W32.Finaldo.B@mm

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Discovered: November 06, 2001
Updated: February 13, 2007 11:46:37 AM
Type: Worm, Virus


W32.Finaldo.B@mm is a simple Win32 polymorphic virus that infects Portable Executable (PE) files. It searches for files that have the extensions .scr, .ocx, or .exe, and it inserts itself at the end of the file.



What are Portable Executable (PE) files?
PE files are files that are portable across all Microsoft 32-bit operating systems. The same PE-format executable can be executed on any version of Windows 95, 98, Me, NT, and 2000. Therefore, all PE files are executable, but not all executable files are portable.

A good example of a Portable Executable is a screen saver (.scr) file.

Antivirus Protection Dates

  • Initial Rapid Release version November 07, 2001
  • Latest Rapid Release version August 08, 2016 revision 023
  • Initial Daily Certified version November 07, 2001
  • Latest Daily Certified version August 09, 2016 revision 001

Click here for a more detailed description of Rapid Release and Daily Certified virus definitions.

Writeup By: Douglas Knowles

Discovered: November 06, 2001
Updated: February 13, 2007 11:46:37 AM
Type: Worm, Virus


It drops the file Finaldoom.exe or Finaldoom.dll into the Windows\Temp folder. This file is compressed using the UPX compression utility.

This virus is written in C++. Because the virus is polymorphic, each file that it infects creates a different file, which it attempts to send using MAPI. The virus waits 30 minutes before it sends itself. The file is encoded within a MIME email message that will have an attachment named ".exe". This email message makes use of the preview feature to allow it to run the executable when the email message is viewed.

Recommendations

Symantec Security Response encourages all users and administrators to adhere to the following basic security "best practices":

  • Use a firewall to block all incoming connections from the Internet to services that should not be publicly available. By default, you should deny all incoming connections and only allow services you explicitly want to offer to the outside world.
  • Enforce a password policy. Complex passwords make it difficult to crack password files on compromised computers. This helps to prevent or limit damage when a computer is compromised.
  • Ensure that programs and users of the computer use the lowest level of privileges necessary to complete a task. When prompted for a root or UAC password, ensure that the program asking for administration-level access is a legitimate application.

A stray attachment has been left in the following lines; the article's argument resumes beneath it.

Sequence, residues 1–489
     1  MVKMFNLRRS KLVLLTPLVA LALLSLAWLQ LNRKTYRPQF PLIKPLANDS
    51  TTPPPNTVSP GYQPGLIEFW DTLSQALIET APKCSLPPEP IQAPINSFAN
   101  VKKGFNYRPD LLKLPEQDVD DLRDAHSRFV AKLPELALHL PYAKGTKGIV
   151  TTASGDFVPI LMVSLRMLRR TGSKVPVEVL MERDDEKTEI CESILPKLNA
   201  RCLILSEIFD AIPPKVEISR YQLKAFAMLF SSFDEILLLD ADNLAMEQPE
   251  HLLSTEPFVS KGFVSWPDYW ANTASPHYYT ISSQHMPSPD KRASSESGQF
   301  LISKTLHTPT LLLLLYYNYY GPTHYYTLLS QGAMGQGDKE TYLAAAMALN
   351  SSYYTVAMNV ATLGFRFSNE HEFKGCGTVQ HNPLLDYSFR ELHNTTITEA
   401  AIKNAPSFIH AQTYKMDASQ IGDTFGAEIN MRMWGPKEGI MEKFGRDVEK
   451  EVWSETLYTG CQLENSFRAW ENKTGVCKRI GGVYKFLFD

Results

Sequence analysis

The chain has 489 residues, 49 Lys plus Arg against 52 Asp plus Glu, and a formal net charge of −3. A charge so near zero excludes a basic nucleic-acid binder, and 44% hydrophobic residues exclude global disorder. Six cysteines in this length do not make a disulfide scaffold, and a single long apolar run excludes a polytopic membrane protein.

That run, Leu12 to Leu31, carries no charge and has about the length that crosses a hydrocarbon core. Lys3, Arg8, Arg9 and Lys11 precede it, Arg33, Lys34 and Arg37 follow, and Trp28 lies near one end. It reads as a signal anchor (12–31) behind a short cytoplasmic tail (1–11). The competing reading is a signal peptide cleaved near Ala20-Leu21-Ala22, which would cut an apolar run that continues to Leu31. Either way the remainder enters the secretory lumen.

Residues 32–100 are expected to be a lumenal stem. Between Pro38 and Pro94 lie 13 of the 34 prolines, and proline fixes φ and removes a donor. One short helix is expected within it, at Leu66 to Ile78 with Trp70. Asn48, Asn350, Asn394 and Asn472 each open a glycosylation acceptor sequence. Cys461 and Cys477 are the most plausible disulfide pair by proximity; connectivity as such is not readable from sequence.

• Disable AutoPlay to prevent the automatic launching of executable files on network and removable drives, and disconnect the drives when not required. If write access is not required, enable read-only mode if the option is available.
  • Turn off file sharing if not needed. If file sharing is required, use ACLs and password protection to limit access. Disable anonymous access to shared folders. Grant access only to user accounts with strong passwords to folders that must be shared.
  • Turn off and remove unnecessary services. By default, many operating systems install auxiliary services that are not critical. These services are avenues of attack. If they are removed, threats have less avenues of attack.
  • If a threat exploits one or more network services, disable, or block access to, those services until a patch is applied.
  • Always keep your patch levels up-to-date, especially on computers that host public services and are accessible through the firewall, such as HTTP, FTP, mail, and DNS services.
  • Configure your email server to block or remove email that contains file attachments that are commonly used to spread threats, such as .vbs, .bat, .exe, .pif and .scr files.
  • Isolate compromised computers quickly to prevent threats from spreading further. Perform a forensic analysis and restore the computers using trusted media.
  • Train employees not to open attachments unless they are expecting them. Also, do not execute software that is downloaded from the Internet unless it has been scanned for viruses. Simply visiting a compromised Web site can cause infection if certain browser vulnerabilities are not patched.
  • If Bluetooth is not required for mobile devices, it should be turned off. If you require its use, ensure that the device's visibility is set to "Hidden" so that it cannot be scanned by other Bluetooth devices. If device pairing must be used, ensure that all devices are set to "Unauthorized", requiring authorization for each connection request. Do not accept applications that are unsigned or sent from unknown sources.
  • For further information on the terms used in this document, please refer to the Security Response glossary.

Writeup By: Douglas Knowles

Discovered: November 06, 2001
Updated: February 13, 2007 11:46:37 AM
Type: Worm, Virus


Run LiveUpdate to make sure that you have the most recent virus definitions.

  1. Start Norton AntiVirus (NAV), and make sure that NAV is configured to scan all files. For instructions on how to do this, read the document How to configure Norton AntiVirus to scan all files.
  2. Run a full system scan.
  3. Delete all files that are detected as W32.Finaldo.B@mm.


Writeup By: Douglas Knowles